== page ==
Read newspapers to gain a competitive advantage


By Thomas Dowling

His hands were clenched tight, and every few moments he would pause to wipe the sweat off his palms. This was a big deal. This internship would be his access point: The foot in the door that would secure him employment and a comfortable life post-graduation. He had made it through the resume vetting process, the phone interview and now all that was left was the in-person interview.

Gaurav Kumar, a freshman in LAS, heard his named called by the secretary, took a deep breath and made his way into the office where his interviewer was waiting. On the desk, next to the man’s coffee, was a fresh edition of The New York Times with a headline blaring the latest updates from the Iran-United States nuclear deal. Hoping to avoid the awkward silence before that man started asking questions, Gaurav asked, “Do you think the Iranians are going to drop out of the deal?” What was supposed to be a twenty minute interview turned into an hour-long conversation about United States’ foreign policy and its role in the Middle East.

At the conclusion of the interview, Gaurav stood up, shook the man’s hand and smiled. He got the internship, much to the credit of his being informed on current events.

As Kumar’s example proves, as we grow and develop from students to professionals, it becomes more and more important to understand what is going on in the world. Putting aside my idealistic hope that you read the paper everyday because you are genuinely interested in what is going on around you, the reality is that you need to have at least a general idea of current events.

Reading the paper provides useful fodder for networking and conversations, but more importantly, it makes you smarter and more privy to the way the world works. Around 50 percent of people from ages 55 to 64 read the paper daily. This age group is also most likely to hold executive roles in companies, meaning they are the group that is most likely choosing to hire you or not.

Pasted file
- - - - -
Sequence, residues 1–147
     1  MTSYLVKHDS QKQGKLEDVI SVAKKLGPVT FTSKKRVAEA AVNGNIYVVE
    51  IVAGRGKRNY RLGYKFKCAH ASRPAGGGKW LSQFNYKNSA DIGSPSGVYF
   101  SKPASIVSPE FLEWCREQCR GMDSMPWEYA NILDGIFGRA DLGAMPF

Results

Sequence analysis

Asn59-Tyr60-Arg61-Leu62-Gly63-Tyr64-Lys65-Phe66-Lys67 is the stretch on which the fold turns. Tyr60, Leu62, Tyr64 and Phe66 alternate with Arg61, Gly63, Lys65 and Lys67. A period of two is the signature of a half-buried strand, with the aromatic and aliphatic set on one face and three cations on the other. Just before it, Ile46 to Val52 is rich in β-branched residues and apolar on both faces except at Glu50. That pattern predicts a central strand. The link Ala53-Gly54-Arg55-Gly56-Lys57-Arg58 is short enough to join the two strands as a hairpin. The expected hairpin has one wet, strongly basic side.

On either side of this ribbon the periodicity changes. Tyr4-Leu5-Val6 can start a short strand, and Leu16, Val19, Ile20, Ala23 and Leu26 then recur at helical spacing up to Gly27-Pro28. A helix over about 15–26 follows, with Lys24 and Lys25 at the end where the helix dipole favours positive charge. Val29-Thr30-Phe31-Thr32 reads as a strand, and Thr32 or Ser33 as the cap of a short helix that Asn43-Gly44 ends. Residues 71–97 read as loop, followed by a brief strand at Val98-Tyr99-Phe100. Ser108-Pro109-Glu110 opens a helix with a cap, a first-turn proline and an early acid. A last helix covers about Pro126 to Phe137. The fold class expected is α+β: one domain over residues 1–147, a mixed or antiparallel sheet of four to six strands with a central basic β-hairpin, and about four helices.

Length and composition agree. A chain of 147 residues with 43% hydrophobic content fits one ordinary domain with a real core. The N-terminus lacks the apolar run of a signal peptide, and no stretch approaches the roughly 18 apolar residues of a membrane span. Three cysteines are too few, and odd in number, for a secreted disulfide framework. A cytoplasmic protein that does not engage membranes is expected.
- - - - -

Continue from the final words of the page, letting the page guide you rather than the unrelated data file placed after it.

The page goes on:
Simultaneously, young people are becoming less and less aware of current affairs, which can be seen in the decline in newspaper readership. Only around 25 percent of students regularly read the newspaper, but no other media platform provides the same comprehensive coverage that newspapers do.

Newspapers put a lot of thought into what they present to their readers. In a world of billions, there is enough news to fill rooms with current events every day. When you are reading a story, you are reading something that is important and specifically slotted as a crucial story for the population to be aware of that day. Be it the recent Boston Marathon Bomber trial or an update on the peacekeeping mission in Haiti, it is important to remember that these stories beat out hundreds of others for that day. The few stories that you read in the paper will be far more valuable than the millions of things you can read online. Quality always beats quantity.

The newspaper provides a variety of in-depth articles that, in most cases, comprehensively describe the world for the day. If you rely on online media, you run the risk of missing out on important events. You are not going to click on articles that you don’t find interesting. A newspaper forces you to read it all, or at the least, just informative headlines.

Being able to keep up in conversation with those in high places is a guaranteed way to make an impression.

By this point you might be thinking, “Tom, I am a college student. I don’t want to drop money on a newspaper subscription.” Well, my dear reader, guess what? Our campus is uniquely positioned to serve your very need to become informed about current events. The Collegiate Readership Program provides daily copies of nationally syndicated newspapers. The New York Times, The Chicago Tribune and USA TODAY are all delivered to various locations around campus. Check the package delivery room in the Ikenberry Dining Hall, in front of the entrance to the ARC or even in the Union and give yourself a big boost up on the competition by becoming aware of what is going on in the world.

Take advantage of those resources and next time you are preparing for an interview, try taking a look at a newspaper before your resume. You might just get lucky.

Thomas is a freshman in LAS.

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